The size of China’s aid program at both regional and individual country levels begs the question of whether traditional partners will continue to set the regional development agenda—at least to the extent to which they are accustomed. Increasing amounts of Chinese aid can potentially give more bargaining power to Pacific Island governments when negotiating for development assistance—either by playing partners off one another or by turning to China to fund projects that other nations may not.
The third and perhaps most worrying conclusion is that concessional loans have become a dominant feature of Chinese aid to the Pacific. Prior to 2006, China had not provided concessional loans to the region, opting instead for grants and interest-free loans that were eventually forgiven and funded smaller showcase programs to compete with Taiwan for regional recognition. These are much better suited for countries with GDPs in the millions instead of billions, as large loans can constitute a significant proportion of national budgets in the region. Since 2006, however, almost 80 percent of Chinese aid to the region has been in the form of concessional loans. With negotiations under way for many new loan-funded projects, such as the Kokopo town sewage project in Papua New Guinea and road construction in Tanna, Vanuatu, this will remain a key feature of Chinese aid to the region in the years ahead.
Many Pacific governments have mistakenly assumed concessional loans would be eventually forgiven, as not all countries in the region have the capacity to pay them back. Larger economies such as Fiji and Papua New Guinea can likely manage repayment, although there are still concerns about the overinflated costs of loan-funded projects in these more developed nations as well.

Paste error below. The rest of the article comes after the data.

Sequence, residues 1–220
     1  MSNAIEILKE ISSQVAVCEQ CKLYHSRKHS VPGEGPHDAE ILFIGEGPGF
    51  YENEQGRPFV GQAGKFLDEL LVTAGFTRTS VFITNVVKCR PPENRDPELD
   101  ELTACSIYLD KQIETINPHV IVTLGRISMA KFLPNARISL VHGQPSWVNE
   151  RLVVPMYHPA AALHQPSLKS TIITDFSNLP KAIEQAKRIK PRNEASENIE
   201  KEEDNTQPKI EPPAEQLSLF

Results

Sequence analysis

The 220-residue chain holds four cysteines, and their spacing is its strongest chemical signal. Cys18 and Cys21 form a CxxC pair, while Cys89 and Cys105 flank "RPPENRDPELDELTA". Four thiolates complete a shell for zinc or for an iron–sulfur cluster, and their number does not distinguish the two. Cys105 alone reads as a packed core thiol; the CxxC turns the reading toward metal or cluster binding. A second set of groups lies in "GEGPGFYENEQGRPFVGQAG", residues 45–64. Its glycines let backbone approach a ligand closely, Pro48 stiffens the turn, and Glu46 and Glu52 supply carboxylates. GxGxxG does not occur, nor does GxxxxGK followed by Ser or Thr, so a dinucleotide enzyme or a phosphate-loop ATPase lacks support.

In smaller economies such as Samoa, Tonga, and Vanuatu, however, large Chinese loans can place significant burdens on struggling budgets. Tonga’s external debt, for example, sits at 44 percent of GDP. Concessional loans from China account for 65 percent of the nation’s debt stock, and it will be difficult for Tonga to service these debt obligations. Despite high-level overtures to Beijing, former Tongan Prime Minister Lord Tu'ivakano was unsuccessful in having these loans converted to grants. Repayment of one loan set to begin in 2013–14 would have accounted for over 17 percent of government revenue. China recently agreed to defer repayments for five years, but the original 20-year loan term does not change, meaning that annual repayments will be larger when they begin in 2018–19. Pacific Island communities are wondering what will happen if they cannot repay.
China’s funding, however, should not be viewed as an entirely bad thing. China’s aid is helping Pacific Island countries build schools and roads. China also sends doctors and agricultural experts to the region. There are ways that China can improve its approach to aid in the Pacific, and there are signs this is starting to happen: China is attending more development partner meetings and employing more local laborers on some construction sites. In the Cook Islands, for example, China attends development partner meetings and has grant aid allocated to priority projects, and its finances are accounted for in the nation’s budget. And in Fiji, local workers are being hired on road projects, spurring local employment.
China needs to be more transparent about how much it is giving, to whom, and in what form. Hopefully, clarity will help Pacific Island governments and other development partners make decisions about where and how to best engage with China in the region, and this is precisely what Mapping Chinese Aid in the Pacific intends to achieve.